2. As to Count II: Zobrist v. Coal-X, Inc.,
708 F.2d 1511, 1516 (10th Cir. 1983); Atchley v. Qonaar
Corp., 704 F.2d 355, 359 (7th Cir. 1983).
3. As to Count III: Central States Joint Board v.
Continental Assurance Co., 117 Ill.App.3d 600, 607,
73 Ill.Dec. 107, 453 N.E.2d 932, 937 (1st Dist.
4. As to Count IV: Penrod v. Merrill Lynch,
Pierce, Fenner & Smith, Inc., 68 Ill.App.3d 75, 81,
24 Ill.Dec. 464, 469, 385 N.E.2d 376, 381 (3d Dist.
In the earlier cases Judge Mishler specifically held Trustees,
acting on Fund's behalf, had and breached a duty to investigate
the very wrongdoing of which Fund now complains. That duty
"includes the negative obligation of not relying on the
representations . . . of a borrower" (568 F. Supp. at 367). By
definition then any such reliance could not have been
justifiable. And because the collective obligation of Trustees
was the obligation of Fund,*fn6
just as the representations of
Directors were the representations of Bancorporation and Bank
as borrowers, the justifiable-reliance issue as litigated in
the New York actions is indeed the same issue that would need
to be litigated in this action.*fn7
2. "Actually and Necessarily Litigated and
It is beyond cavil that the issue of Trustees' duty to
investigate was the foundation
of Judge Mishler's holding Trustees guilty of a breach of
their fiduciary duty. Even Fund does not really contend
3. Full and Fair Opportunity To Litigate
At a May 9, 1984 status hearing this Court requested the
parties to address what Fund (not Trustees) actually did in
the New York lawsuit to litigate the issue. That inquiry was
prompted by this Court's concerns:
1. whether (as often occurs, for example, with
a corporation named in a stockholder derivative
action that charges an entire board of directors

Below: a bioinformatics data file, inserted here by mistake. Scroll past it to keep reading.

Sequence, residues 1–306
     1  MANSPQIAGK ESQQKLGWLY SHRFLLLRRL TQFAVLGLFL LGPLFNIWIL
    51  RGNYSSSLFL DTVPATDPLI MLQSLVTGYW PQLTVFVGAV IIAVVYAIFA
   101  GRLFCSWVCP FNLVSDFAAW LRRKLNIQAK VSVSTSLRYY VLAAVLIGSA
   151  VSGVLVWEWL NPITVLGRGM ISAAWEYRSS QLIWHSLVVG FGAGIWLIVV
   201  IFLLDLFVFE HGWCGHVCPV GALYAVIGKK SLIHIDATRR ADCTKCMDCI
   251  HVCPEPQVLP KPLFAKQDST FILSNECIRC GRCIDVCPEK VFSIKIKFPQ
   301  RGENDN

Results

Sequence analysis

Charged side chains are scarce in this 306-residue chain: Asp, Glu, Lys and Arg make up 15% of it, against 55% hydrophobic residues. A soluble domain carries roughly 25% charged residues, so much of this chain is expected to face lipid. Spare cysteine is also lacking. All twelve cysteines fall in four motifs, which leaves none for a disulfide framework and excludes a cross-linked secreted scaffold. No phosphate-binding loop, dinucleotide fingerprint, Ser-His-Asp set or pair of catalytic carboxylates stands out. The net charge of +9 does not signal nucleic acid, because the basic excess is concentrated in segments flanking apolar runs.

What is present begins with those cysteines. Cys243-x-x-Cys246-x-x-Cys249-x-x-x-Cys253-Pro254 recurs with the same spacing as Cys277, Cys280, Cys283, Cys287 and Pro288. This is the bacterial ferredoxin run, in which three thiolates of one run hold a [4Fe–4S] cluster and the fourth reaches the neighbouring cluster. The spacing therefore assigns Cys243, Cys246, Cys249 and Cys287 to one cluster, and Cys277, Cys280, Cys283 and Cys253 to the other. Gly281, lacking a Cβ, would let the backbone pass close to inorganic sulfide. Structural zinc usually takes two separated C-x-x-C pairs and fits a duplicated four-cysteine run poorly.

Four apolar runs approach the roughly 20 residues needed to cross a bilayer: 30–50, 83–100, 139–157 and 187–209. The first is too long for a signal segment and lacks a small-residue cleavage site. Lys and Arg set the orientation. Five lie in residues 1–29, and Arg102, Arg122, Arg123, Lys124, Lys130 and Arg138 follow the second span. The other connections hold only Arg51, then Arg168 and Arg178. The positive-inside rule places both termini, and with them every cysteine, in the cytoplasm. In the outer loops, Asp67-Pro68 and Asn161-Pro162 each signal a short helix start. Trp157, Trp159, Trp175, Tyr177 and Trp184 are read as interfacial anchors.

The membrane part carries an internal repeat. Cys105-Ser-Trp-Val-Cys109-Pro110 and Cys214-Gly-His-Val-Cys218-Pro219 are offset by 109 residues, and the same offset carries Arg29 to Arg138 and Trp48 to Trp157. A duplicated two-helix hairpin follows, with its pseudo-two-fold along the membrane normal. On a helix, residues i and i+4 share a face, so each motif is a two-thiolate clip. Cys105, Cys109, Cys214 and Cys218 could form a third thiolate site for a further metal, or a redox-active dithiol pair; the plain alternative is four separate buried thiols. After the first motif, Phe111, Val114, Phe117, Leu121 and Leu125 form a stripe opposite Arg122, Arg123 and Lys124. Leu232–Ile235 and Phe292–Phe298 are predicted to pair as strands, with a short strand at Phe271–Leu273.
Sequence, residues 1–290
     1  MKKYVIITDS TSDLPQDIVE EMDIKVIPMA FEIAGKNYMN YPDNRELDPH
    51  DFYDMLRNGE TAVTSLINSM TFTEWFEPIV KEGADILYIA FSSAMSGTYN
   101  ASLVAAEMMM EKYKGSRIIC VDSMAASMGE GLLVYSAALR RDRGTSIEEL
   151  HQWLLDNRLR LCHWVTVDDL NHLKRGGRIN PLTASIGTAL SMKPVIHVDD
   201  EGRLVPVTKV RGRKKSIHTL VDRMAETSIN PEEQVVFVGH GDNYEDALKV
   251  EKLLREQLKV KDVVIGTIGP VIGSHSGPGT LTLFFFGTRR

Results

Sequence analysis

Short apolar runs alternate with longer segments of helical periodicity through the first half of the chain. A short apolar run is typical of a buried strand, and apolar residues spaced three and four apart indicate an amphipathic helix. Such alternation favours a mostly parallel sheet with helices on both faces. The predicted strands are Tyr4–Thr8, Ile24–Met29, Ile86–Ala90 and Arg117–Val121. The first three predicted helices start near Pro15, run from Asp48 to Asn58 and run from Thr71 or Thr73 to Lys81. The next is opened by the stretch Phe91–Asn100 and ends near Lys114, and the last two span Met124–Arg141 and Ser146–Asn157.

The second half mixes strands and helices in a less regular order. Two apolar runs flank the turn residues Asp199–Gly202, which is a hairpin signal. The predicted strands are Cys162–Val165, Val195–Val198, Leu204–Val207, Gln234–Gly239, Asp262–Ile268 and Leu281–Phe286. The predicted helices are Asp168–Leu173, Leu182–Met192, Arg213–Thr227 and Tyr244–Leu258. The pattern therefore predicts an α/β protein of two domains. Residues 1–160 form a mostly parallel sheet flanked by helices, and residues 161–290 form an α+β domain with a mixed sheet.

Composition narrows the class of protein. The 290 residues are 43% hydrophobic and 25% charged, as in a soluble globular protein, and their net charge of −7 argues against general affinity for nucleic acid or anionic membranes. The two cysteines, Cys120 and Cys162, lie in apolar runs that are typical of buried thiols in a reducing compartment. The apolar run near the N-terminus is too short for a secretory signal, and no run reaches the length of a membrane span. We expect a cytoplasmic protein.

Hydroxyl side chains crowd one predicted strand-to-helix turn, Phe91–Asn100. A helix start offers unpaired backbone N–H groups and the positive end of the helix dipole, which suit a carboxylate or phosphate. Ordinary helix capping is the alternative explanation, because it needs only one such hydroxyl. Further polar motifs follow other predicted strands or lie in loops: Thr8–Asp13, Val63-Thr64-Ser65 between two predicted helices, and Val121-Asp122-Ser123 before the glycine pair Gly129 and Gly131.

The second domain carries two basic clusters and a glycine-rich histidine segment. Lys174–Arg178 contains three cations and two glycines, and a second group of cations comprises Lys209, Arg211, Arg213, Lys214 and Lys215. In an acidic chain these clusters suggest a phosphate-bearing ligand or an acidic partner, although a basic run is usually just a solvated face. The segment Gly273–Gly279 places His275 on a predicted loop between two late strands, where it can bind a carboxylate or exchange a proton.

with wrongdoing) Fund may have been merely a
passive onlooker in the earlier proceeding; or
2. whether Fund's interest as the prospective
beneficiary of any recovery against Trustees may
have led it to try to establish the non existence
of Trustees' right to rely on Directors'
representations, rather than the opposite, in the
New York litigation.
In response to this Court's question, Fund argues that even
though it was named a defendant in the New York lawsuits, it
was a nominal defendant only, joined for procedural purposes.
In that capacity, Fund urges, collateral estoppel should not
be applied against it. 1B Moore's Federal Practice ¶ 0.411,
at 439-40 n. 5.*fn8
But even if Fund may have had a right to be treated as a
nominal party in the New York lawsuits, that does not prevent
the operation of collateral estoppel if Fund in fact actually
litigated the critical issue. See United States v. Jensen,
608 F.2d 1349, 1355 (10th Cir. 1979). Defendants present conclusive
evidence that Fund, though represented by its own separate
counsel, not Trustee's counsel, vigorously argued before Judge
Mishler against a finding that Trustees had breached their
fiduciary duty. Some of Fund's activities at trial include:
1. making of an opening statement;
2. cross-examination of witnesses;
3. filing of a motion for directed verdict;
4. offering and introduction of evidence;
5. making of evidentiary objections; and
6. filing of a post-trial memorandum.
In all those activities Fund was not at all passive or
neutral, but actively entered the lists by (and on) the side
of Trustees.*fn9 Fund clearly had and exercised a full and
fair opportunity to litigate the issue critical to this
In sum, Fund deliberately sided with Trustees in the first
round of litigation, maintaining Trustees were innocent of any
wrongdoing because they relied on the borrowers'
representations. That argument was unsuccessful because Judge
Mishler held Trustees had no right to rely — indeed had a duty
not to rely. Trustees were held culpable. Fund cannot now argue
afresh Trustees' asserted justifiable reliance, a necessary
prerequisite to recovery on each of Fund's current four
theories against Directors.
There is no genuine issue of material fact, and moving
defendants are entitled to a judgment as a matter of law.
Their motion for summary judgment is granted. Because the
collateral estoppel ground supporting their motion forecloses
Fund's claims against all defendants, this action is dismissed
in its entirety.